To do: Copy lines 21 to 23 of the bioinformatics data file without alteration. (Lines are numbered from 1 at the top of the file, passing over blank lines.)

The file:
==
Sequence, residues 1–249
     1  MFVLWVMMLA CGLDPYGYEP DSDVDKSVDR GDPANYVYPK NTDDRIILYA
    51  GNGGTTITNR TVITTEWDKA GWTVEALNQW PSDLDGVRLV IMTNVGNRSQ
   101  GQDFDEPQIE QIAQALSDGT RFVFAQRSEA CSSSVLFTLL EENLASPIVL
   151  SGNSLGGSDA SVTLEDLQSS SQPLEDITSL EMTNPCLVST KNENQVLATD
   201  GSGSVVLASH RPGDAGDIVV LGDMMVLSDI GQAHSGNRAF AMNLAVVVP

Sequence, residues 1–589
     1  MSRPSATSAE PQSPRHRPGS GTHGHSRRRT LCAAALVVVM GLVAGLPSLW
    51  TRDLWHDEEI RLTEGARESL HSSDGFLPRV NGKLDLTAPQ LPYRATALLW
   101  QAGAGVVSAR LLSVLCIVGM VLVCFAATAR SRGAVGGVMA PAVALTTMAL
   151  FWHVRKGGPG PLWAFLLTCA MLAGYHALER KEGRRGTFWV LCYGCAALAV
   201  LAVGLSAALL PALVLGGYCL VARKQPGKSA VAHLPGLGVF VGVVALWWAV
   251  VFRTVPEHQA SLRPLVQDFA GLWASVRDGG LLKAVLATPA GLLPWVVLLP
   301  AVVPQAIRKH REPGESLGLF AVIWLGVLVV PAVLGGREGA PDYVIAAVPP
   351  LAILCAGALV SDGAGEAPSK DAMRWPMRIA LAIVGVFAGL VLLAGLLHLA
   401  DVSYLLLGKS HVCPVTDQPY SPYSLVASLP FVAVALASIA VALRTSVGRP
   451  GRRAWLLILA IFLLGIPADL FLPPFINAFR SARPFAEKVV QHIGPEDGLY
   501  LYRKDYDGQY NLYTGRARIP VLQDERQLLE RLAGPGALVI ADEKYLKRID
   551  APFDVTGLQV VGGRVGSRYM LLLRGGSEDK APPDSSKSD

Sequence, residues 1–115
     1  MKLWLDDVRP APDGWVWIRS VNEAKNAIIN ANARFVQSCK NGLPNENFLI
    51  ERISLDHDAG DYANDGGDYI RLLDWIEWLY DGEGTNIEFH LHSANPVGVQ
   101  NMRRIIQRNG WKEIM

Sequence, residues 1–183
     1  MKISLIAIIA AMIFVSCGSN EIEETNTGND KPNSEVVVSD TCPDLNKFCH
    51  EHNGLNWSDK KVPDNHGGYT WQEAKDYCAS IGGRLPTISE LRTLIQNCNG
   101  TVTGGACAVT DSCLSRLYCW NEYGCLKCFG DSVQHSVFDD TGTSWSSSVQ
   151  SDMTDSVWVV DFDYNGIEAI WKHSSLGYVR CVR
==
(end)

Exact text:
     1  MKLWLDDVRP APDGWVWIRS VNEAKNAIIN ANARFVQSCK NGLPNENFLI
    51  ERISLDHDAG DYANDGGDYI RLLDWIEWLY DGEGTNIEFH LHSANPVGVQ
   101  NMRRIIQRNG WKEIM